I watched a short documentary last week about a young boy in Uganda named Locheng, who dreams of learning how to read and write (watch it if you can, it's only 12 minutes but is very powerful). Primary school in his village costs the equivalent of $14, which he cannot afford. So he just hovers outside the classroom – peeking in through the windows and trying to make sense of the strange script on the board.
I thought about this boy when I read this morning that $1.8 trillion were spent last year on the military world wide, according to the latest figures by the Stockholm International Peace Research Institute (SIPRI).
This so-called 'defense' spending topples all other forms of government spending both domestically and internationally. For example, according to the 5 Per Cent Campaign, on average, industrialized countries spend three times as much on military as on education (in the US – it is six times as much). Many of the world's poorest countries and fastest growing economies spend much more on defense than on education or health. Military spending in Africa for example, has increased by 5.9% last year with Algeria and Angola (both major oil producers) leading the ranking. Sales of arms to Africa have increased by 45% since 2005.
In contrast, education aid funding had dropped by 5% each year since 2009, rather than decreasing. Today, there are still 58 million children around the world without access to primary education. The cost of achieving universal primary education is $26 billion annually. This is equivalent to the amount spent each week on military activities by countries across the globe.
This can't be right. Why are governments willing to allocate so much for preparing for war and maintaining their global and regional power status, and so little for preventing war and promoting true security?
In October last year, the Pentagon launched a report, confirming that it now views climate change as an imminent risk and would factor it into operational day to day decisions. Former US Secretary of Defense Chuck Hagel (and a former climate change denier) then said: "Rising global temperatures, changing precipitation patterns, climbing sea levels, and more extreme weather events will intensify the challenges of global instability, hunger, poverty, and conflict".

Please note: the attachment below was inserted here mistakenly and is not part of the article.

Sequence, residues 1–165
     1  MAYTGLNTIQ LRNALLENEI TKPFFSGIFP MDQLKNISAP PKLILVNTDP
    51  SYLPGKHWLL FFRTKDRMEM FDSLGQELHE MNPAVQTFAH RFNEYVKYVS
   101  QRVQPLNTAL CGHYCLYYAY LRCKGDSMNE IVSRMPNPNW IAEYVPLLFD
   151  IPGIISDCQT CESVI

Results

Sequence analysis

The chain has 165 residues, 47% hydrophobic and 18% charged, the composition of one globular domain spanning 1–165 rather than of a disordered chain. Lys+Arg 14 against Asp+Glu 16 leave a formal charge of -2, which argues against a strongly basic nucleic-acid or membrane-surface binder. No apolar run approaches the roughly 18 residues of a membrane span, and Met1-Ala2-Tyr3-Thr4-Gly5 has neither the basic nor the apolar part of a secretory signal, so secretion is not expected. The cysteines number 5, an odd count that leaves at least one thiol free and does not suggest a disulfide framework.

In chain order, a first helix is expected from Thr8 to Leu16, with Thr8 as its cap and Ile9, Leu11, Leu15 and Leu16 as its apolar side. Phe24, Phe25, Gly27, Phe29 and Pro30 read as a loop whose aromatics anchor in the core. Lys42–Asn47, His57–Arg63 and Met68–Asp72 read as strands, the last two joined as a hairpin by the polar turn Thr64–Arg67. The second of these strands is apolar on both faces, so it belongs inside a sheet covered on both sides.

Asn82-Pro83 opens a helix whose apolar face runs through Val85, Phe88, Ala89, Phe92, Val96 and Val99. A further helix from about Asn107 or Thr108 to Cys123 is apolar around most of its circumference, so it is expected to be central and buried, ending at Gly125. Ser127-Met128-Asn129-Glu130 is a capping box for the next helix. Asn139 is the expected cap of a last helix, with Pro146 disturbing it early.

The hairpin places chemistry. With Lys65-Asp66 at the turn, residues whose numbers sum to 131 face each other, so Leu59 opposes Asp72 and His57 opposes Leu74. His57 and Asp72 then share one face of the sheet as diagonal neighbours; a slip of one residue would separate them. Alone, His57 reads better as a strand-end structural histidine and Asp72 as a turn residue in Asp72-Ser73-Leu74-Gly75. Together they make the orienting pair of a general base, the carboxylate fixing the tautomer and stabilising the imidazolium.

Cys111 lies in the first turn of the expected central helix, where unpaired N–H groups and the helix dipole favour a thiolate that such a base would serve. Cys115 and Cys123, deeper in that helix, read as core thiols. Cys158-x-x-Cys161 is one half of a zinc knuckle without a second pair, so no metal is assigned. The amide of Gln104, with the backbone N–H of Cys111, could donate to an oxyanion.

Yet, military spending in the US still trumps spending on climate security by a staggering amount. The US spent $610 billion on its military last year, a 6.5% drop from the year before due to its budget deficit but still three times more than the next big spender – China.
Consider this: for the price of four Littoral Combat Ships it would be possible for the US to double the Energy Department's entire budget for renewable energy and energy efficiency. Retiring the cold-war era B-1 bomber, would create a saving of $3.7 billion over five years, that would be enough to retrofit approximately 4.6 million homes to achieve 20% greater energy efficiency.
What science is telling us is clear: transforming the world's energy system into one driven forward by renewables holds the key to a better, more peaceful future. Spending must be allocated accordingly.
We must call on our governments to get their priorities straight. We must end spending on newer warplanes, tanks and bombs and divert the money into making peoples' lives better and safer – invest in education and in transforming our energy system.
Jen Maman is Greenpeace International's senior peace advisor based in Istanbul.